Things You'll Need
- Deck of playing cards
- Small table
Well-performed card tricks are always entertaining to watch, especially when a measure of spectacle is added to the trick. Relocating a selected card is marginally impressive, but making that card appear to jump out of the deck takes the trick to another level. One of the wonderful things about this trick is that it doesn't require any invisible string, long sleeves or any other preparation to speak of—just plenty of practice.
Ask your audience to stand in front of you on the other side of the table.
Shuffle the cards on the table two or three times to demonstrate that the deck is not rigged in any way.
Fan the cards facedown in your hands and ask an audience member to select a card.
Ask the audience member to show the rest of the audience the card. Take this opportunity to flip the entire deck face up in your palm. After doing so, flip over the topmost card. As a result, the deck appears to be facedown, when in reality only the top card is facedown.
Hold out the deck and ask the audience member to insert her card facedown into the middle.
Turn your back to the audience. As a result of your clever sleight of hand in Step 4, there are only two cards in the deck flipped in the opposite direction than the rest: the topmost card and the participant's card. Flip over the topmost card and pull out the participant's card.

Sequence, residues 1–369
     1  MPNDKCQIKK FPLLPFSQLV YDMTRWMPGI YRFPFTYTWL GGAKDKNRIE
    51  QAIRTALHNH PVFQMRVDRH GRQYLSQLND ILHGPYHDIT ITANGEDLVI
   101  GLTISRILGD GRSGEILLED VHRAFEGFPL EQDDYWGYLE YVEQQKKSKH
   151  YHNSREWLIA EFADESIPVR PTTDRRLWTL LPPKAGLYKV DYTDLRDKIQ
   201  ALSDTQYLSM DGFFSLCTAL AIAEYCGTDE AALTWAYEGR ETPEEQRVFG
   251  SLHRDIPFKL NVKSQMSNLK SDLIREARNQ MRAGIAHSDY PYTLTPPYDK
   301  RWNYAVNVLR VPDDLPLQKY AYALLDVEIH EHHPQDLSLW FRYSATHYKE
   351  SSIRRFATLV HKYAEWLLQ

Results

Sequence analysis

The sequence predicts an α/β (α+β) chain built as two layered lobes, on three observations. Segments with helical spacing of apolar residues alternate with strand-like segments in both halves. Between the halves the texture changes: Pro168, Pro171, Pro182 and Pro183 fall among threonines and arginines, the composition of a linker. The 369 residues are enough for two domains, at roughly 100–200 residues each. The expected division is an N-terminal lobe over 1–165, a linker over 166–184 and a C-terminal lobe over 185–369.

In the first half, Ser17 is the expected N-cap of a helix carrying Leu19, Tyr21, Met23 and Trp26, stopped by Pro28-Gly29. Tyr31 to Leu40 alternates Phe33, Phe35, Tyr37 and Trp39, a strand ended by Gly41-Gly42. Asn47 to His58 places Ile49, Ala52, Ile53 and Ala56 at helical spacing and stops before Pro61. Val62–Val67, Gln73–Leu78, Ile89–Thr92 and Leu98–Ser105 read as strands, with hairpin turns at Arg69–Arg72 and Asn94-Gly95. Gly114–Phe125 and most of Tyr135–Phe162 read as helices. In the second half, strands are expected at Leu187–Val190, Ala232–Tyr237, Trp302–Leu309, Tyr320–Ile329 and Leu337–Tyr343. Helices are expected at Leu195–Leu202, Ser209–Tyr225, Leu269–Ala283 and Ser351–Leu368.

Place the card facedown on top of the deck. Slide it forward lengthwise about 1 inch.
Face the audience and hold the deck 3 feet above the table. Drop the cards as flatly as possible. When the deck hits the table, the slightly overlapped top card (the participant's card) will flip off the deck onto the table. To the audience, it will appear to leap from the deck of its own accord.
Practice this trick over and over in front of a mirror until you can practically do it blindfolded. While this trick doesn't require any rigging, you will be doing the sleight of hand in full view of your audience. As such, you will need to be confident and quick with your trickery.
Aaron Kopf graduated from the University of Central Arkansas with honors in 2009, holding a Bachelor of Arts in communication. While enjoying his time at college, Kopf was published in The Echo and Vortex magazine.